Many may remember 'The Woman in Black' as a 2012 film starring Daniel Radcliff, in one of his first significant roles outside of the Harry Potter series. Others may also know it as a long-running (the second-longest in history) west end stage play, or even the 1989 British Tv film shown on Christmas eve. But before it hit the stage or the big (or small) screen, this gothic story began life as a 1983 novel by Susan Hill. How does it hold up today, though?
After being asked to tell a ghost story by his step-children on Christmas eve, old hidden memories reemerge for lawyer Arthur Kipps. Seeking closure from some horrifying events he went through years ago, Arthur decides to put his own real-life horror story to paper. He proceeds to narrate to us the circumstances surrounding his attending the funeral of one Mrs Alice Drablow and his settling of her estate as a young solicitor, where a series of strange hauntings and the appearance of a woman dressed in black result in long-lasting ramifications.
An Ode To The Classic Ghost Stores
Imitation may well be the sincerest form of flattery, and there's no denying that The Woman in Black takes more than just a little inspiration from classic British ghost stories. It's tempting to write it off for not being the real deal as a result, and perhaps it isn't, but it's as close as you'll get from any modern writer. In terms of writing prowess, Susun Hill more than holds her own against the greats as well. The Woman in Black is a very accessible and readable book, but the prose still has a decent amount of gothic stylings to suck the reader into the illusion of reading an older text.
What about the actual story and characters, though? Well, for the most part, it's a lot of what readers have seen many times before (though not entirely, as we'll get into), just done very well. From creepy marshes, cagey locals to an ominous Manor house, the book uses many old tropes to create horror. In truth, the book is more spooky than terrifying, but there's nothing necessarily wrong with that.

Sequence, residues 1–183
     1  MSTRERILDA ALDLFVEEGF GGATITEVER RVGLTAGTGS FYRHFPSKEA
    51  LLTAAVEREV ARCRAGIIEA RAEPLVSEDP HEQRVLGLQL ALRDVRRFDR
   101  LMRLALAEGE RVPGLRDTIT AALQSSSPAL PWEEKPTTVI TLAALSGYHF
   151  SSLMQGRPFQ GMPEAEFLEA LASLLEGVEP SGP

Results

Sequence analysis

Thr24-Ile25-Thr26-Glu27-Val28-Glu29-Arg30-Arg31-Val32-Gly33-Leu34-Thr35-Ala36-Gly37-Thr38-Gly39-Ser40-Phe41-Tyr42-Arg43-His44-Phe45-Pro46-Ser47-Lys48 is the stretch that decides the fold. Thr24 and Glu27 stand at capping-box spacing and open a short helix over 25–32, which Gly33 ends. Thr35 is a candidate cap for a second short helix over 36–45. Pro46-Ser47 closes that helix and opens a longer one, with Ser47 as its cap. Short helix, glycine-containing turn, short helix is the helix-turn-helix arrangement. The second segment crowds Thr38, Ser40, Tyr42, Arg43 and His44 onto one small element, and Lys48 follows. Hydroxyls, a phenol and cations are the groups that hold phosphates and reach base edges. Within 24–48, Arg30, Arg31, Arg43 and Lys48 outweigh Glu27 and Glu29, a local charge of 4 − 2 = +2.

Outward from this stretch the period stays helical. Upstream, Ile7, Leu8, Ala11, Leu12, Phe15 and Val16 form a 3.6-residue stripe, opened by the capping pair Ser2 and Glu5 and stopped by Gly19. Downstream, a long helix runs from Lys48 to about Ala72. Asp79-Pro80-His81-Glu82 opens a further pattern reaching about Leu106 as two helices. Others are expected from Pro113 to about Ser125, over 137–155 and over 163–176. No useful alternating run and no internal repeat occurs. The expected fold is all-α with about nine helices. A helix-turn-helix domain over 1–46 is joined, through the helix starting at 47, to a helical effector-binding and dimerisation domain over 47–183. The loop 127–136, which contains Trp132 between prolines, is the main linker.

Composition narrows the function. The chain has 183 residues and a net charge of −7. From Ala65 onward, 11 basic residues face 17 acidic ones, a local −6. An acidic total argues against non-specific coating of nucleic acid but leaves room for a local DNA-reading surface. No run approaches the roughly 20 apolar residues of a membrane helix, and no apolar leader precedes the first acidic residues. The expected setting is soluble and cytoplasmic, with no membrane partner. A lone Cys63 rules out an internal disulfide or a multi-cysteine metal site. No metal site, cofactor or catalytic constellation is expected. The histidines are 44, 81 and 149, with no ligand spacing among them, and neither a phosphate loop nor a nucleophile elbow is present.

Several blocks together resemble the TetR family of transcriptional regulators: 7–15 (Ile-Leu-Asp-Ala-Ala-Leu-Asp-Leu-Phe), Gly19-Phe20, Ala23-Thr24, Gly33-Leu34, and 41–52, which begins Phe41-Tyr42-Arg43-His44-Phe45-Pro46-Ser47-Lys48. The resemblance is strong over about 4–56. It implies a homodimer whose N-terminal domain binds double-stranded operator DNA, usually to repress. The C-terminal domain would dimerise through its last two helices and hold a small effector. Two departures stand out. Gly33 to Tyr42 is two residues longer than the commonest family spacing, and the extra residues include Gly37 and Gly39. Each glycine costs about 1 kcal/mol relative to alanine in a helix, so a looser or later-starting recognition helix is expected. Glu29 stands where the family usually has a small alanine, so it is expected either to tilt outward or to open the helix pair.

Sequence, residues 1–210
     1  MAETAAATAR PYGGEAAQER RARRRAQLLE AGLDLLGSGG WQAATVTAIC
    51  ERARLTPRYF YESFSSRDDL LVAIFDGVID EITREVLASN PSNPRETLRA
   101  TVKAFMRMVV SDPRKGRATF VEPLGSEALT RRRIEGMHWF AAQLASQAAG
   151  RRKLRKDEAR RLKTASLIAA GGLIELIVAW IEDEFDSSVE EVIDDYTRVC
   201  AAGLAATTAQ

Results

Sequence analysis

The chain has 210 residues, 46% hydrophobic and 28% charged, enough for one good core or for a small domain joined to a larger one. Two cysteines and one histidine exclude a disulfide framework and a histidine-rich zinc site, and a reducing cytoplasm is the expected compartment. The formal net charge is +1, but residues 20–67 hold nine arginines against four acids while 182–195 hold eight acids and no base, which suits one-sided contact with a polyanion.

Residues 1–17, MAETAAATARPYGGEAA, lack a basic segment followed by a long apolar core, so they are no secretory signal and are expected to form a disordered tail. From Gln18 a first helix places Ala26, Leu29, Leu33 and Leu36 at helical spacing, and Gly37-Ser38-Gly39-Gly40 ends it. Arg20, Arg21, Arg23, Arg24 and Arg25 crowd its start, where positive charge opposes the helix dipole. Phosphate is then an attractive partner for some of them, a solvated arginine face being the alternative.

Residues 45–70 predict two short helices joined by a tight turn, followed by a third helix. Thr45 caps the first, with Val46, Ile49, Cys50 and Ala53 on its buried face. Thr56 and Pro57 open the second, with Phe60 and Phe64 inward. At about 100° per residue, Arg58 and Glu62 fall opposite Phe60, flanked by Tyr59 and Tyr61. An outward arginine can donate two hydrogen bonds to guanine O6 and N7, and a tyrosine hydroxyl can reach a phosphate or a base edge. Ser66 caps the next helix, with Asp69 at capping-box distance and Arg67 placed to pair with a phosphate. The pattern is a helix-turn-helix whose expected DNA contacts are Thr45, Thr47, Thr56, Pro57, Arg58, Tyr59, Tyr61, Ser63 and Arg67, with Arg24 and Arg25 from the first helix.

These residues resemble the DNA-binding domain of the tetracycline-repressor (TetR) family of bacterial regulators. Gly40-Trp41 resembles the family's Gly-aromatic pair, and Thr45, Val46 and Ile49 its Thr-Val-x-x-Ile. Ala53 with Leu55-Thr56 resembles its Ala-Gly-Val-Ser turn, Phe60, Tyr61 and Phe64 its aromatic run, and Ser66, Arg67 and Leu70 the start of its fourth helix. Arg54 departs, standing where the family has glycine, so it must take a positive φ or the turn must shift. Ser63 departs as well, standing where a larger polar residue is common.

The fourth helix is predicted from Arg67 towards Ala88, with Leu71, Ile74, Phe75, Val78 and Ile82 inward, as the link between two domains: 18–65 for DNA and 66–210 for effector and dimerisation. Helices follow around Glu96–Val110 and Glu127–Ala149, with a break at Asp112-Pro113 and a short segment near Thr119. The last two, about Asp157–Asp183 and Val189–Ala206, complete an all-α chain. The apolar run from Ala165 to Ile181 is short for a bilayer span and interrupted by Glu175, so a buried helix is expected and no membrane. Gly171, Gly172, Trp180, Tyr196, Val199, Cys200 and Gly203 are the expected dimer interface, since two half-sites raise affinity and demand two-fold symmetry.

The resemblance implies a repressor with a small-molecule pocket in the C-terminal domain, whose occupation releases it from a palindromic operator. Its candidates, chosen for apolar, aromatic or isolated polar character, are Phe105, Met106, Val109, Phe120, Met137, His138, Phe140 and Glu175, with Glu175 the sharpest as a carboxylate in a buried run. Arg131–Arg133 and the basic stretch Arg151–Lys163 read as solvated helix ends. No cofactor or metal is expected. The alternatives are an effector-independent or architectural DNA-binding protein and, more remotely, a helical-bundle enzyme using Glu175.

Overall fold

A Satisfying Conclusion
In many ways, its reliance on tropes makes the Woman in Black almost comforting to read. Until it reaches its final act, that is, by which point you've been lulled into a false sense of security. I won't spoil things for would-be readers, but the climax is a total gut-puncher and makes the read worth it alone. It's all set up nicely through the contrast between our wise and world-weary narrator and his younger, more headstrong self. It's not unpredictable, and there are several clear red flags from the get-go of what will happen, but thanks to some good writing, it doesn't stop the inevitable finale from being any less devastating.
The Woman in Black has become something an institution in British horror. It was not a game-changer by any means, but it has undeniably found its place in the ghost-story canon and has become a must-read for fans of the genre. With its compact length and brilliant ending, there's no reason to pass up on this one either.
Thanks For Reading!
Have you read, or are you planning to read this book? Perhaps you have a similar or different take?
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© 2021 Mike Grindle